Low-level earthquakes may signal Alaska volcano eruption
ANCHORAGE, Alaska (AP) – Volcano scientists in Alaska say a remote volcano may be erupting again.
The Alaska Volcano Observatory is detecting small earthquakes at Pavlof Volcano.
That’s the kind of seismic activity typically associated with low-level eruptions, but scientists don’t know for sure.
The volcano 592 miles southwest of Anchorage is obscured by clouds.
The observatory says it hasn’t seen an ash emission or detected a thermal signal with satellites or web cameras.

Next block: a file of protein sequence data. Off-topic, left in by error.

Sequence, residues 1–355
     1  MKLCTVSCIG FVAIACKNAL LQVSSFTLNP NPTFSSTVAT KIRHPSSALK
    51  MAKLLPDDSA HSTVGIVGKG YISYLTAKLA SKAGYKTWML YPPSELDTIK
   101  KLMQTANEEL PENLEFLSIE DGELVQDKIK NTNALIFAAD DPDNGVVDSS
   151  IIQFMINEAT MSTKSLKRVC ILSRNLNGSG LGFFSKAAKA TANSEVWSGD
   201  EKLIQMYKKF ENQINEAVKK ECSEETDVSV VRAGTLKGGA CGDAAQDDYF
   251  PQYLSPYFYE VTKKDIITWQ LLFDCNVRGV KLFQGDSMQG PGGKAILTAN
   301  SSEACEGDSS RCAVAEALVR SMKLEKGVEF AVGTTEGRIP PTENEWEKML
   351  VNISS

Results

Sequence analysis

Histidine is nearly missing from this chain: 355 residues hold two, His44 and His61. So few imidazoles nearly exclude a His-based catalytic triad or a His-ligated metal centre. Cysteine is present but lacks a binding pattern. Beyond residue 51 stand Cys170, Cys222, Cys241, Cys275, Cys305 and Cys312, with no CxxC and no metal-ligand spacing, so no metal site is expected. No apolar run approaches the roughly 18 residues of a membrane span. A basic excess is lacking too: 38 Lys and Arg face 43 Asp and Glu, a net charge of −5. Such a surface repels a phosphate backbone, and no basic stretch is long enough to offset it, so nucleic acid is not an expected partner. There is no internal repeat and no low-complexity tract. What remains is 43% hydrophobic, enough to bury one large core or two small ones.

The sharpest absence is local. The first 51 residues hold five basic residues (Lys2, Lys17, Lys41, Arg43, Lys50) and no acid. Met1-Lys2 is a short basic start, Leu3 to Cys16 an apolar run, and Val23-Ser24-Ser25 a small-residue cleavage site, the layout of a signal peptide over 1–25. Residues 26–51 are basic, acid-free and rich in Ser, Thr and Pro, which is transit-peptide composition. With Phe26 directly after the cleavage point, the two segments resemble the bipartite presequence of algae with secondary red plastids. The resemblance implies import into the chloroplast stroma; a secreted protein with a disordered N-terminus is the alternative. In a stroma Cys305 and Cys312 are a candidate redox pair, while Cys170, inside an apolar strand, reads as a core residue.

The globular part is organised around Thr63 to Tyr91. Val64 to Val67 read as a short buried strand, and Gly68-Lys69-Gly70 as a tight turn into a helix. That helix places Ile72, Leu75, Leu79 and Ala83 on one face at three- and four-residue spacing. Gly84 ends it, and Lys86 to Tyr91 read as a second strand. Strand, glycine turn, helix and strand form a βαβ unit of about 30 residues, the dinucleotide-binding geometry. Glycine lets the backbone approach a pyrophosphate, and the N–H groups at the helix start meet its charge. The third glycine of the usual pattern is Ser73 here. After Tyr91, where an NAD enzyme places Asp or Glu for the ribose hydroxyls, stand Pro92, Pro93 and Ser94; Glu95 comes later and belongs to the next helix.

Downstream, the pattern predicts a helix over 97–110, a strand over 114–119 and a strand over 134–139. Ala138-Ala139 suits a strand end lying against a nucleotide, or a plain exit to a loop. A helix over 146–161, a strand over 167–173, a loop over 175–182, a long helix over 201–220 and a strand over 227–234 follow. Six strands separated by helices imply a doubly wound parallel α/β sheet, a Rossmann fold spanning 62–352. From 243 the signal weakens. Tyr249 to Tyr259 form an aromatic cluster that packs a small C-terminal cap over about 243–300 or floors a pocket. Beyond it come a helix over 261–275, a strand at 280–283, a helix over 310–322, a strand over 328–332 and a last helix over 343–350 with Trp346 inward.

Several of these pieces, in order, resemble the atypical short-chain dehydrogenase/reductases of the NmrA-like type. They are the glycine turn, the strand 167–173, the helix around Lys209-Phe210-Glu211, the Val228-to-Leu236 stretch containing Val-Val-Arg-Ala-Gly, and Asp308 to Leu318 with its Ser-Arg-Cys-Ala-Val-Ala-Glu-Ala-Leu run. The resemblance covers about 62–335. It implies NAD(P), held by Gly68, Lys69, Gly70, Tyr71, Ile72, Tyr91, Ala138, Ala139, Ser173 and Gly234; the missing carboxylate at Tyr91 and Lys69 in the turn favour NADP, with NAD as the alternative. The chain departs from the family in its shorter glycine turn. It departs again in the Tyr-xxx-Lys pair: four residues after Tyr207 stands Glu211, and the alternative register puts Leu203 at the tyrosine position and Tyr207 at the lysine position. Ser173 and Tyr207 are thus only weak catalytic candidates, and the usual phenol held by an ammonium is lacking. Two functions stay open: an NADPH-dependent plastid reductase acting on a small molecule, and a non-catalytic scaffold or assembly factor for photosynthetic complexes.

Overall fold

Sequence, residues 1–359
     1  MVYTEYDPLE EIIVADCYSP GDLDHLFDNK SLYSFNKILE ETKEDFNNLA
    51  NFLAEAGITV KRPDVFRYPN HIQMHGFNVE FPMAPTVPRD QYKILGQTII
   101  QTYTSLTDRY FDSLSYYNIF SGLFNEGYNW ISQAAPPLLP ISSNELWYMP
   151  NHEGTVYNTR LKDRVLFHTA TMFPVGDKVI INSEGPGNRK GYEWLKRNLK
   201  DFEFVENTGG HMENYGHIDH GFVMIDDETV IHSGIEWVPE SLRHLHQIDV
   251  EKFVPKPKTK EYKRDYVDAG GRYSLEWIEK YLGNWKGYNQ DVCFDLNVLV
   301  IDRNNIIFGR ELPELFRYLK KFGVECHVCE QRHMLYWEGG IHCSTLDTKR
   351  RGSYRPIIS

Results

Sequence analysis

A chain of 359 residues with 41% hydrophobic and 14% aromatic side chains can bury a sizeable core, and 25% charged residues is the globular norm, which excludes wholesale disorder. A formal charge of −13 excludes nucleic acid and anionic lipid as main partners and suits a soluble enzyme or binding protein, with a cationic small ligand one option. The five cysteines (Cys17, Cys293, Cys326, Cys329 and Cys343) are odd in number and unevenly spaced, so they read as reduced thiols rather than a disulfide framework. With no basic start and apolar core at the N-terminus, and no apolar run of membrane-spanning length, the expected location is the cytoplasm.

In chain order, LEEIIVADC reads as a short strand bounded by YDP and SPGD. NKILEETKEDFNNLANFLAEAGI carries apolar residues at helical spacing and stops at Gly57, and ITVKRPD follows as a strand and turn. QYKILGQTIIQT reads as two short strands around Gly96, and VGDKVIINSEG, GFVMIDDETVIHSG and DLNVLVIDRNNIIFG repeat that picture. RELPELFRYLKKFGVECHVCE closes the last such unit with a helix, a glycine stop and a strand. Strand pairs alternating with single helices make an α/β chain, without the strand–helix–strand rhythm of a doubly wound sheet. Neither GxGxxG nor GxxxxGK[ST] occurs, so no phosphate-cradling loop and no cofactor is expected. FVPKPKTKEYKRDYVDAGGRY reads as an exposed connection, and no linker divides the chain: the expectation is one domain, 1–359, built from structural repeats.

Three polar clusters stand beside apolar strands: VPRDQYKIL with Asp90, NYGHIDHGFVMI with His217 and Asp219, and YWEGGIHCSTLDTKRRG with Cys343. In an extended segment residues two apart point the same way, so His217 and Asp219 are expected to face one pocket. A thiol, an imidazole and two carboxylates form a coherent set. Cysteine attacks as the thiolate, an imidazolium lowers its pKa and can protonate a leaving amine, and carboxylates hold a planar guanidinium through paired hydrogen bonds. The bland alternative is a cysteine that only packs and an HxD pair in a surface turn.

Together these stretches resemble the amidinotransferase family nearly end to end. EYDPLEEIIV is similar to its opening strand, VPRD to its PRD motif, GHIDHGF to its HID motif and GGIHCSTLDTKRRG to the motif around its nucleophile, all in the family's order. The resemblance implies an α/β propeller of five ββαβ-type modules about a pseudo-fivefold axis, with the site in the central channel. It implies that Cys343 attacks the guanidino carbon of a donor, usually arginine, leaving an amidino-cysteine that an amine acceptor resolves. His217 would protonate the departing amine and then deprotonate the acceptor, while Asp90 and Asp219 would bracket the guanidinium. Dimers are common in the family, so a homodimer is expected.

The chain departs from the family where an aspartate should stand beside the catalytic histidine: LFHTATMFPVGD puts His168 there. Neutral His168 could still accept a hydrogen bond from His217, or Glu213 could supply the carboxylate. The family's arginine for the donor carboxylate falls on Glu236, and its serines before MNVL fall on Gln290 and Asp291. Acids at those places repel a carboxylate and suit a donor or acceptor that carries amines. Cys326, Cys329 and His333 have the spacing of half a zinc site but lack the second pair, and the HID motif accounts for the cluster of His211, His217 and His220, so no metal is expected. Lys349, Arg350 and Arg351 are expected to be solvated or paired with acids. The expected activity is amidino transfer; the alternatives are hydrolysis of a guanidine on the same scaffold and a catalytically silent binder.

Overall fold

Pavlof’s status was upgraded from normal to a volcano watch.
Pavlof on March 27 erupted and sent an ash cloud to 37,000. The cloud drifted across interior Alaska and eventually northern Canada and interrupted commercial airline flights.
The observatory says Pavlof has had more than 40 eruptions in its history, and it is one of the most active volcanoes in the Aleutian arc.
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